If you’ve been on the chopping block, perhaps you’ve seen the pink slip signs coming. You know, the ones which reveal themselves to you in due time like colleagues who start rescheduling meetings with you three and four times.
Posts Tagged ‘job market’
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This morning’s report by ADP shows positive signs for the job market. That’s because the U.S. economy created 220,000 brand new private sector jobs this past month. This number reflects 10,000 more jobs than analysts originally anticipated.
In addition, the report increased the number of jobs in March’s report by 18,000.
Per a piece in USA Today, chief economist at Moody’s Analytics Mark Zandi explained, “The job market is gaining strength. The recent pickup in job growth at mid-sized companies may signal better business confidence.”Strength indeed. April’s increase was the biggest one since this past November when ADP revealed 245,000 new private sector jobs. And, per the report, large and small companies boosted their headcount in April.
While we’re awaiting the Department of Labor’s job report, there’s good news on the hiring front. According to payroll processor ADP, businesses have added 191,000 jobs in March — not too shabby!
This shows the job market may have bounced back from a weak winter and bad weather which significantly impacted businesses across the country.
According to a piece in USA Today, economists had forecasted a gain of 189,000 jobs in the ADP report. The same economists are expecting 195,000 gains according to the government’s report covering business, federal, state and local government jobs.
Mark Zandi, chief economist at Moody’s Analytics, explained in the piece, “The job market is coming out from its deep winter slumber. Even better numbers are likely in coming months as the weather warms.”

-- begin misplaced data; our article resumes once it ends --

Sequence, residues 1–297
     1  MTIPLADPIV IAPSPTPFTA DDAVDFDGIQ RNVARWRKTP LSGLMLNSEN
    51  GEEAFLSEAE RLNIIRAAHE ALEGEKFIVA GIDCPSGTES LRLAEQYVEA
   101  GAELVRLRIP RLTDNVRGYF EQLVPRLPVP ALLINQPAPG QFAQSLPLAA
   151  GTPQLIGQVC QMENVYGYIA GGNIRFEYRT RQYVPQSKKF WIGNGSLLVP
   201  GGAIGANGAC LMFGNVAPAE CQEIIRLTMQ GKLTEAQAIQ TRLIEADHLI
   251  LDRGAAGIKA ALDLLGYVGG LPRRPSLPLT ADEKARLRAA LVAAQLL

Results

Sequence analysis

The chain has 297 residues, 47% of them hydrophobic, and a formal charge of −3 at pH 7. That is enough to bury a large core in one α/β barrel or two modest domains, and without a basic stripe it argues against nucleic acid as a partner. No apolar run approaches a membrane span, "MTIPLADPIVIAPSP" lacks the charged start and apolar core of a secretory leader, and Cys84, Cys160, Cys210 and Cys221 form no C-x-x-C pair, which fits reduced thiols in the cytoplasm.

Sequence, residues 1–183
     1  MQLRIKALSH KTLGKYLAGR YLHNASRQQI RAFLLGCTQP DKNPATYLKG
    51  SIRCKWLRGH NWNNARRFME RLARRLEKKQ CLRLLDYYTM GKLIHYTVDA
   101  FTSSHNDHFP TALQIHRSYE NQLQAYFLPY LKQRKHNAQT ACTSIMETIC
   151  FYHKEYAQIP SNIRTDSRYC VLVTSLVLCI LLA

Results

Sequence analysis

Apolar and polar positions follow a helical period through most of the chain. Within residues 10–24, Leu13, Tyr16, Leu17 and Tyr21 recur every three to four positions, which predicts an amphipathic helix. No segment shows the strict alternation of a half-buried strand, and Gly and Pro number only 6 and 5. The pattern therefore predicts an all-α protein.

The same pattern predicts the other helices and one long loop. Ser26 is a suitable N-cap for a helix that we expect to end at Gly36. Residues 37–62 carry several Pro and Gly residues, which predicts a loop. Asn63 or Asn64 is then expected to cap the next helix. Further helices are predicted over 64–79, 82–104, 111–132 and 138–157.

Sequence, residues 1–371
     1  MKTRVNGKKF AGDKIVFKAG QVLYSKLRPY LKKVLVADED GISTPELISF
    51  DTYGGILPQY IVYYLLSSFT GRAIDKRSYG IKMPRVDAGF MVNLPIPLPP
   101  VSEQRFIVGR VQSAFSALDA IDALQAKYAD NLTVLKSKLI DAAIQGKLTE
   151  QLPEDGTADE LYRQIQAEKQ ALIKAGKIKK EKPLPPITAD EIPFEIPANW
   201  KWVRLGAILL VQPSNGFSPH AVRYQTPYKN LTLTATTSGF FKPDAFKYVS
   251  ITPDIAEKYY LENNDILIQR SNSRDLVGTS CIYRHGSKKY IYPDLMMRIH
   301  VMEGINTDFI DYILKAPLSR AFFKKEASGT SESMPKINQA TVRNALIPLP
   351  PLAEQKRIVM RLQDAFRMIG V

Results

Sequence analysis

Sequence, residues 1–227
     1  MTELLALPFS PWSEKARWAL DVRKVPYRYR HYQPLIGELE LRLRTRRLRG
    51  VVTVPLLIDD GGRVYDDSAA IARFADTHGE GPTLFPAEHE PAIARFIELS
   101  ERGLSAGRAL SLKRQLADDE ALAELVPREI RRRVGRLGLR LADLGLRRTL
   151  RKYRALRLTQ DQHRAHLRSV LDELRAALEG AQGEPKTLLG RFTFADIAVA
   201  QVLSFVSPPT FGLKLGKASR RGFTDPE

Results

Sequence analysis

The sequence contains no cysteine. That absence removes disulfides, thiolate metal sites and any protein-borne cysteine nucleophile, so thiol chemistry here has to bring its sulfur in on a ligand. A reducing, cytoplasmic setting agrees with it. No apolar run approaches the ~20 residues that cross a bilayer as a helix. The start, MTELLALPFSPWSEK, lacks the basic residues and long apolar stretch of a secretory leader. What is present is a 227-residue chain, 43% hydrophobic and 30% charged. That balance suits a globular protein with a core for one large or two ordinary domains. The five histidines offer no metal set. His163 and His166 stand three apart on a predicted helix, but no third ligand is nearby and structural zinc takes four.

Yesterday Federal Reserve Chair Janet Yellen spoke about helping “Main Street, not Wall Street.”
She didn’t just focus on the unemployment rate but she did talk about a variety of economic indicators pointing to the weak job market.
Are numbers as bleak as they were five years ago? Thankfully, no. Could they be a lot better than they are now? Yes!
If you’re looking for a new job, you’re not alone. Actually, you’ll be among a pack of job seekers seeking better opportunities this year, thanks to new data from a CareerBuilder survey.
That is, one in five workers revealed they want a new job this year. We must admit, we’re not sure what to make of these numbers — yes, that’s great people feel confident in the market to move on but why are so many people unhappy? Maybe they’ve been waiting things out in their current job for too long and feel like the time is right to move on?
According to the statistics, only 59 percent of workers indicated they’re satisfied with their jobs. This is a significant drop from last year’s percentage of 66. Digging deeper, people claiming dissatisfaction pointed to salary concerns and not feeling valued as the top two reasons. Read more
Considering Spain has the second highest unemployment rate in the European Union at 26 percent (only Greece’s rate is higher), it’s breathing a sigh of relief today. According to CNN, the number of registered unemployed folks dropped by 107,600 last month. Currently the number of their folks out of work is approximately six million people. We would be myopic if we only wrote about U.S. News but their numbers are quite staggering, aren’t they?
Government officials sound optimistic. Per the piece, their prime minister has predicted a recovery for this year and earlier this week in a radio interview their economy minister indicated job creation could potentially surpass forecasts.
Numbers are misleading though since labor unions point to temporary and part-time opportunities as providing relief, not full-time ones. In fact, their data reflects new employment contracts as temporary ones. Technically the number of permanent jobs that are new and available to job seekers has remained flat the past year.
Per the piece, Victor Echevarria at BNP Paribas, explained, ”Employment in Spain has traditionally only seen sustained increases when the economy has posted solid growth; it remains to be seen whether this will also be the case this time around.”
According to two Federal Reserve economists, it should take about two more years before our labor market returns to the norm.
Keeping in mind we’re media folks and not necessarily economist-types who crunch numbers, we’ll share this update at a macro level.
As pointed out by ERE, they looked at 23 different labor market indicators and said change is above the average but hasn’t morphed into an equivalent rate of conversion to boost labor market conditions. Read more